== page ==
Science DMZ as a Security Architecture
ESnet’s Michael Sinatra began his presentation (prepared by him and his colleague Nick Buraglio) by observing that many network engineers regard the Science DMZ architecture as a kind of “plug-and-play” solution to network security concerns – a belief that isn’t actually supported by the architecture model itself. However, the Science DMZ architecture as developed by ESnet and Software-Defined Networking (SDN) can give network engineers a new set of tools to use in the pursuit of trustworthy network security. In addressing this topic, Sinatra first described the architecture and then illustrated the ways in which it could be used to meet network security challenges.
After emphasizing that ESnet’s development of the Science DMZ architecture came as a result of codifying successful practices that were in place at various institutions into a coherent, replicable model, Sinatra then mentioned – and dismantled – one of the most common misconceptions about the Science DMZ: that its purpose is “to get around or avoid firewalls and other security controls.” While many of the issues that stymie big-data researchers are related to the security tools implemented on their institutional networks, getting around these preventive measures is certainly not the purpose of the Science DMZ, nor does the absence of a firewall mean that a network is, in fact, a Science DMZ (a belief that Sinatra has encountered). He would sooner see this characterized as matching security controls to what is being protected while maximizing the functionality of the network for those using it – in other words, enabling finer-grained security controls tailored to the risks present in different parts of the network.
Sinatra then described a variety of common network architectures, including those that use firewalls for security between the campus network and the outside world, and others that do not firewall at that point but instead distribute firewalls throughout various parts of the campus network (administrative, student networks, etc.). This permits security to be tailored to the needs of those using the individual components of the campus infrastructure – a model for security that dovetails well with the Science DMZ model.
He also emphasized that implementing a Science DMZ, contrary to common belief, does entail bidirectional traffic-blocking in the interests of protecting both the campus’s Science DMZ, the campus’s general network, and colleagues using networks beyond the campus. It also must be designed and implemented in a way that enables software patching to take place in the smoothest and most convenient manner, as patching is one of the most significant parts of ensuring a secure network.
Sinatra also treated host-level security tools like host-based firewalls and intrusion detection and stated that he was currently undertaking the development of best practices for them.
He then treated several other tools as well, all of which could (and should) be implemented in some manner on a Science DMZ. In Sinatra’s words, “What are your security best practices in other parts of your network? If you’re not doing that in other parts of your network, then why would you think the Science DMZ should be any different?” Science DMZ security, in other words, consists of more than the presence or absence of firewalls and is not so different from that on other parts of a campus’s network.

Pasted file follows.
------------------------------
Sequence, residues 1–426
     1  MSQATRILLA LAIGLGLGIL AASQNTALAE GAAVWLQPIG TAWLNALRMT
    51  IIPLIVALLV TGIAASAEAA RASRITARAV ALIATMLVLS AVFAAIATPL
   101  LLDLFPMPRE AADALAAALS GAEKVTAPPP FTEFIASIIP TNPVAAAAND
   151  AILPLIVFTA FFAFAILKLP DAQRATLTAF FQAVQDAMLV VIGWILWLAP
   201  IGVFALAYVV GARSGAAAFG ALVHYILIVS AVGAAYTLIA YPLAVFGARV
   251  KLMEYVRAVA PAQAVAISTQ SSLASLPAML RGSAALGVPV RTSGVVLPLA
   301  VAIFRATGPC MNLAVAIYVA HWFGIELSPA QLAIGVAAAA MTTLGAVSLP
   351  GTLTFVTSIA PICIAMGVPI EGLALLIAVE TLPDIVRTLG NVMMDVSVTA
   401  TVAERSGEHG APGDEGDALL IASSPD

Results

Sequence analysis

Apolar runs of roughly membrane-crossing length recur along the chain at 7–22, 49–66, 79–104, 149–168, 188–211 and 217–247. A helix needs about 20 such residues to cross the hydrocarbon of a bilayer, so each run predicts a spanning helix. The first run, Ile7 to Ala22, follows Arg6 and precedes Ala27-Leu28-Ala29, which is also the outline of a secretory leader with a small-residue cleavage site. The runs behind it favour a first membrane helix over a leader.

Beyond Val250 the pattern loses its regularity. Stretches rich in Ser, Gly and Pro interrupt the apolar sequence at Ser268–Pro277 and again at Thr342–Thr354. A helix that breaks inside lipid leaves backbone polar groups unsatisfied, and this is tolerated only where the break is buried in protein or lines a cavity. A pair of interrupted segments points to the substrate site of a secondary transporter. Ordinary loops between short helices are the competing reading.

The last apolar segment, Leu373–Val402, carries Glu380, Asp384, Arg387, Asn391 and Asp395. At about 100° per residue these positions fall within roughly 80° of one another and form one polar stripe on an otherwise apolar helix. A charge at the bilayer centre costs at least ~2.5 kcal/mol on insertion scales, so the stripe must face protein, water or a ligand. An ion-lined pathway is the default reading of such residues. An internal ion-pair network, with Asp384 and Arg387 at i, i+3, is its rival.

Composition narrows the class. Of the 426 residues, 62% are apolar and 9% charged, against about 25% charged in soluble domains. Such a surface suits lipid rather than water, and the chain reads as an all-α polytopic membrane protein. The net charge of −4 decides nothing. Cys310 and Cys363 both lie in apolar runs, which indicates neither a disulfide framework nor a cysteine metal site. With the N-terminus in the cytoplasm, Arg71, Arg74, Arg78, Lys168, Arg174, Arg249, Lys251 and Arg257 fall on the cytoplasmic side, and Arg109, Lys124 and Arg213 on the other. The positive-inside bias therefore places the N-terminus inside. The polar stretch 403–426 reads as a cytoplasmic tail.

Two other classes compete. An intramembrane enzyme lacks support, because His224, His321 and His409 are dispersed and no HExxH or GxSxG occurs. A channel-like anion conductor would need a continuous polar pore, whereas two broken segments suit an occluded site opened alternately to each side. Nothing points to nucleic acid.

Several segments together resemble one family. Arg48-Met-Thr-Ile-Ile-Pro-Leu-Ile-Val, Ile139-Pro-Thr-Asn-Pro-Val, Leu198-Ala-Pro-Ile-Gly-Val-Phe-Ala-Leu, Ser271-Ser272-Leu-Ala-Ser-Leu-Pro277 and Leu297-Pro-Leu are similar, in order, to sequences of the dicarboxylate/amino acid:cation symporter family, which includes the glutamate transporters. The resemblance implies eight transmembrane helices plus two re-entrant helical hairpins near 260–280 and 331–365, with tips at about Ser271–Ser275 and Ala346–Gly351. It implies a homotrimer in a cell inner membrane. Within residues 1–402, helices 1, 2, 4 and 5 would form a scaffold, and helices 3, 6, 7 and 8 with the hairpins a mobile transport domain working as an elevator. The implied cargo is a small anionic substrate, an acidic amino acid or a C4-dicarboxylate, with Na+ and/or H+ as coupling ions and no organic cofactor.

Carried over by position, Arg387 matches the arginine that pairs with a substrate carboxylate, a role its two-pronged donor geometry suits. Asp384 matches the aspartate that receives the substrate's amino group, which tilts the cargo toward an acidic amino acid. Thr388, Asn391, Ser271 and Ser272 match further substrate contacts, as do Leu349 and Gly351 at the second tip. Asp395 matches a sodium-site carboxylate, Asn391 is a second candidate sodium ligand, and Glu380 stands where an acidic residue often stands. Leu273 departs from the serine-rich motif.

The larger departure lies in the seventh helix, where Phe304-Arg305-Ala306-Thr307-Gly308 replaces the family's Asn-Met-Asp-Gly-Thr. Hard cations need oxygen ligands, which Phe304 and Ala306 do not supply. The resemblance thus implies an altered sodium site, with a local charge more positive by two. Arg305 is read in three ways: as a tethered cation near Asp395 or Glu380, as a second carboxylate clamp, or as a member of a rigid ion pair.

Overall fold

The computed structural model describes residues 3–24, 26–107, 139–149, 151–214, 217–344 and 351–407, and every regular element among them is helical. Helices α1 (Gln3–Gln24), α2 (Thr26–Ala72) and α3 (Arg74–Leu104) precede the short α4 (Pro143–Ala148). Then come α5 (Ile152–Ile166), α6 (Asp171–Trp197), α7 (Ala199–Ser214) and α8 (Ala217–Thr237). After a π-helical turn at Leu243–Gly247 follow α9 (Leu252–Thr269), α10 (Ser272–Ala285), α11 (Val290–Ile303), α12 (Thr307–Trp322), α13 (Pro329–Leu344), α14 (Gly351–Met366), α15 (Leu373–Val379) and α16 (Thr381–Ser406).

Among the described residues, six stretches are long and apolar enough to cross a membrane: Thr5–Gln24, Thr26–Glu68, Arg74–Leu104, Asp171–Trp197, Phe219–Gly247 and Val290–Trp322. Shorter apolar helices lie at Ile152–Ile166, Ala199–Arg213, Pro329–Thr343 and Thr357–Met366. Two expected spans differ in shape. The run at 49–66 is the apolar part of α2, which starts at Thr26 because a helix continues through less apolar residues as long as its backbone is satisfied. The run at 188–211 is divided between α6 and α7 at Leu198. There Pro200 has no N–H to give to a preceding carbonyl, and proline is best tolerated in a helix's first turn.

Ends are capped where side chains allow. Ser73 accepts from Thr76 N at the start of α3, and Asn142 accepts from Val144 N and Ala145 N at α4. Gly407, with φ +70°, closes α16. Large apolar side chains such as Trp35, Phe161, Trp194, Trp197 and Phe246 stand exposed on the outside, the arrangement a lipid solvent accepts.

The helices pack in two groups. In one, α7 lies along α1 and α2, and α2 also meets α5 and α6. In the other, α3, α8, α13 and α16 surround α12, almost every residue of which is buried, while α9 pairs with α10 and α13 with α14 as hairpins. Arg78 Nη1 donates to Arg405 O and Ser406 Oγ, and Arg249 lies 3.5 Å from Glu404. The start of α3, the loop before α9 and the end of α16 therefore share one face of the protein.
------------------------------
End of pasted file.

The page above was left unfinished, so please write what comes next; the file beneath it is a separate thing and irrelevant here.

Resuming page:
After treating the uses and utility of intrusion detection and black hole routing, Sinatra then underlined the importance of being familiar with a network’s typical behavior: “You want to make sure you know what your network looks like on a normal day, so that you know what an abnormal day is.”
He then mentioned the necessity of remaining aware of IPv6, citing instances where IPv6 throughput is better than that over IPv4 even when IPv6 queues were longer. The comparison he used was that of a TSA pre-check line in the airport, where the streamlined process provides higher throughput of “packets” – passengers in the case of the airport security line – even when the pre-check line is longer, because one need not disassemble and reassemble one’s possessions in order to pass through the pre-check line.
Sinatra then moved to the topic of Software-Defined Networking (SDN), also commonly believed to be the answer to network security concerns for Science DMZs. While SDN is not a “drop-in solution,” it definitely has applications to ensuring network security and performance, and he described such working implementations as well as cautioning attendees that these implementations are still not “fully baked” in his words and require “care and feeding.” In addition, by adding a layer of complexity to the Science DMZ, SDN-based tools also increase the number and complexity of possible problems and the pursuit of solutions. The drop-in security solution remains an elusive goal, SDN notwithstanding.
After this treatment of how a Science DMZ can be secured by use of tools, Sinatra then moved into how best practices can be used to secure networks connecting to scientific instruments and high-performance computing (HPC) resources. In other words, once a network engineer has implemented and installed the various tools needed to enhance security onto the components of a network, how should those components then be assembled? As a way of illustrating how deceptively complex such an issue can be, Sinatra mentioned one campus’s old but, as of 1999, still used mass spectrometer, which required connectivity to a MicroPDP-11 in order to function. (Other concerns exist as well, such as the use of outdated or unauthorized equipment in campus labs of which network engineers may be entirely unaware.)
Happily, Sinatra then illustrated a variety of far more secure and usable architectures for the connectivity of network-enabled scientific instruments to attendees – all of which can be found in his slides, along with helpful notes.